His father shook his head. "No, there is never more than one at a time -- and you never stop being one."
"Frankly, I dread to think just how 'all knowing' the man would seem if he was
connected to the school in such a way. He's bad enough as things are."
Xander laughed. He could really see how that was probably very annoying after awhile -- especially after you got tired of being wrong. Shaking loose the thoughts about being a 'spokesman', he refocused on the letter now burning a hole in his pocket --metaphorically, of course -- especially since it seemed 'the thing' was going to be a long term thing and he'd have time to worry about it later. He snorted to himself. At least he wasn't going insane. He'd really, really
hate to end up like Drusilla, only instead of talking to the stars, talking to a building! The faint hint of laughter he sensed in response to the thought was still a bit unnerving, but at least he was now sure it was actually real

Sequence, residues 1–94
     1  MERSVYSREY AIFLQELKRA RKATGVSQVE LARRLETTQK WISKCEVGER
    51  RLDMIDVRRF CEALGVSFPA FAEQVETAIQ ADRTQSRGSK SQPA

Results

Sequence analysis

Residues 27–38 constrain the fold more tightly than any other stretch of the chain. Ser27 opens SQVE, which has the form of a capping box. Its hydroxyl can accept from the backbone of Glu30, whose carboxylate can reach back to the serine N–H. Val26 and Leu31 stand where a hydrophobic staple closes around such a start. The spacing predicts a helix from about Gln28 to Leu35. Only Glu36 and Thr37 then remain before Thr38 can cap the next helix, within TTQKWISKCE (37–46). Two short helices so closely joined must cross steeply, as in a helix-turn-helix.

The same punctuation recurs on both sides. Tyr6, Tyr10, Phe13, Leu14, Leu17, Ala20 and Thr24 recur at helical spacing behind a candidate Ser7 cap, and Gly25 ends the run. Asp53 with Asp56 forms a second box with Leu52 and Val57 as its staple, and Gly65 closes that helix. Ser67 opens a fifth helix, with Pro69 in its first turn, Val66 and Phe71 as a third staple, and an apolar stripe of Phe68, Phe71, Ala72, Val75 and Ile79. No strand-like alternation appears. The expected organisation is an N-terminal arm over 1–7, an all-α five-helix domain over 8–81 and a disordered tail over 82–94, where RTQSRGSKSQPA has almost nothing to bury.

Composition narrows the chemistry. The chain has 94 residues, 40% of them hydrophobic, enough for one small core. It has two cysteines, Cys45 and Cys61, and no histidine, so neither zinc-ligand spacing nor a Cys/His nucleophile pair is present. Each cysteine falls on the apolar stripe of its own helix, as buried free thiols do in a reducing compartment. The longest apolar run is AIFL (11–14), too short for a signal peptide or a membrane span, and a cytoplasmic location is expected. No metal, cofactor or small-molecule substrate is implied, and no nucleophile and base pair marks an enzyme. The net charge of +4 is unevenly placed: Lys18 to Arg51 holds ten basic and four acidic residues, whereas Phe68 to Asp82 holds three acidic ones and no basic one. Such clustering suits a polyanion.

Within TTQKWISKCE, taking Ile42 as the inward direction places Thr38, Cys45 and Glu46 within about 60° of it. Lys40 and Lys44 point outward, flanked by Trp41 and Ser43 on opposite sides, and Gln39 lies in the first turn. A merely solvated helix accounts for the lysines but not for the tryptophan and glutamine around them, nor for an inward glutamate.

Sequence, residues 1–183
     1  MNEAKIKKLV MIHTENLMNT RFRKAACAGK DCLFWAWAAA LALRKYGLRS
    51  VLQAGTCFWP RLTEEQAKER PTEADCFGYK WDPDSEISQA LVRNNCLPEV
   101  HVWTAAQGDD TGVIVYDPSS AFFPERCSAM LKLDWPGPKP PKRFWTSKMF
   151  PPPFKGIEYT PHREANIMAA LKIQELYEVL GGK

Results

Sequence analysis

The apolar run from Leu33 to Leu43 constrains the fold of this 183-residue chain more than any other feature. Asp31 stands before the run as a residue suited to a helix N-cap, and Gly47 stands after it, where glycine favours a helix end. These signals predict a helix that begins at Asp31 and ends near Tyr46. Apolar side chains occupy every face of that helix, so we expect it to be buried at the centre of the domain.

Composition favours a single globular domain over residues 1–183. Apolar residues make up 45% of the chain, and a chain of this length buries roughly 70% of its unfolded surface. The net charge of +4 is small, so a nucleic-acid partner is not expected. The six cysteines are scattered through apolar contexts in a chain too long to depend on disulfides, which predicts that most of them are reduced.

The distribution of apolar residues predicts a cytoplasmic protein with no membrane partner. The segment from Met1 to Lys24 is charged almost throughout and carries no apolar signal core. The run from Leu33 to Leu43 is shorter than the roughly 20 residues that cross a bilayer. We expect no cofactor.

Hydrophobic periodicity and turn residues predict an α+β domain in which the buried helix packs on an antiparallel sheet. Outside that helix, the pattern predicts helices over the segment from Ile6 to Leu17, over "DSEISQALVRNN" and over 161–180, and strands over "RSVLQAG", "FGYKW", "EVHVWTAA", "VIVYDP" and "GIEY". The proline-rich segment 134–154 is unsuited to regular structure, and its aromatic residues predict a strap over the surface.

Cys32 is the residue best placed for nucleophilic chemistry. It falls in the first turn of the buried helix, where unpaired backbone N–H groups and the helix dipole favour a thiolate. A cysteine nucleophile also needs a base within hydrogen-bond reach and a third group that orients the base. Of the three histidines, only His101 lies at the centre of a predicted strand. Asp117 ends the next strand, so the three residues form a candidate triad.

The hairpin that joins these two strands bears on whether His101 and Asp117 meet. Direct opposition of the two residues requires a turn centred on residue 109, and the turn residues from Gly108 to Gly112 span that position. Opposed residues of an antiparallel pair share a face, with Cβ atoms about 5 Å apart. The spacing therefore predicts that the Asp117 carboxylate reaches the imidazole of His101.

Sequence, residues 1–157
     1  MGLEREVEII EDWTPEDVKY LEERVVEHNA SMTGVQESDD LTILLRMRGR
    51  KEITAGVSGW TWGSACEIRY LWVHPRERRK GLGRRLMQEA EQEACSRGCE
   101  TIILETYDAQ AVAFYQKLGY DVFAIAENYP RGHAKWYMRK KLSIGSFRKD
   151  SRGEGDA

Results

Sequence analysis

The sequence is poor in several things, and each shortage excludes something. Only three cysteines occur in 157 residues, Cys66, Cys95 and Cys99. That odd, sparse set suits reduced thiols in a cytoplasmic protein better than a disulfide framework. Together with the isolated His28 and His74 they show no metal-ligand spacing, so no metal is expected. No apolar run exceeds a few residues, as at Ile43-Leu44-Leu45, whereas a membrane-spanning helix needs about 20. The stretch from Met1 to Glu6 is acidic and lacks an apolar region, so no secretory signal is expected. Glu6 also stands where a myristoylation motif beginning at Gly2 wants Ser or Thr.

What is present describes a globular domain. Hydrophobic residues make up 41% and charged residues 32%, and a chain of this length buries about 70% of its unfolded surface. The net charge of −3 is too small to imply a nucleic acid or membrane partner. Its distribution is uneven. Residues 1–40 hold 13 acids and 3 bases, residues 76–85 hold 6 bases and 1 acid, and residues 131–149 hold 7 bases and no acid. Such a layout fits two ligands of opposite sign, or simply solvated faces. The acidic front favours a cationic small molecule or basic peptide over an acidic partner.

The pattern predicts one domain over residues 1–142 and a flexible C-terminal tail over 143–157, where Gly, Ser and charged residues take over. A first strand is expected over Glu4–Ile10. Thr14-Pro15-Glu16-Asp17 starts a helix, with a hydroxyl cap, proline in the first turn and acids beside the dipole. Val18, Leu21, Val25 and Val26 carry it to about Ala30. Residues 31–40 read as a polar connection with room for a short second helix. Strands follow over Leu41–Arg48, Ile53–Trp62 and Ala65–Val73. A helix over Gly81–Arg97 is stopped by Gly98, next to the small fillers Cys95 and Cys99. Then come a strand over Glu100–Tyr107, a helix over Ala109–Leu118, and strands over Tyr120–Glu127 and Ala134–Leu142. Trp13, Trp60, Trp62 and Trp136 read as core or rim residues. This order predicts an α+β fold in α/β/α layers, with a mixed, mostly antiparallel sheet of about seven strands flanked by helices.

Pulling out the letter from Lucius Malfoy, Xander held it up. "I haven't read it yet," he admitted soflty, "but I suspect it's directly in response to my confirming that Pansy had been chosen."
"Speculation is useless, Xander," his father retorted. "Open it, and you will know."
Xander rolled his eyes. Obvious much!
he retorted silently. Taking a deep breath -- though, why he was so worried about it, he had absolutely no clue -- he opened the letter.
To his very not
surprise, the letter was pretty much a lot of hot air, threats that wouldn't look like threats to most people and a reminder of the Malfoy family influence. What did surprise him was the very politely phrased request that they meet to discuss options. Puzzled, he silently handed the letter to the professor, waiting as the man read the very wordy letter that really said so little.
"He wants to see if he can intimidate you into giving him what he wants."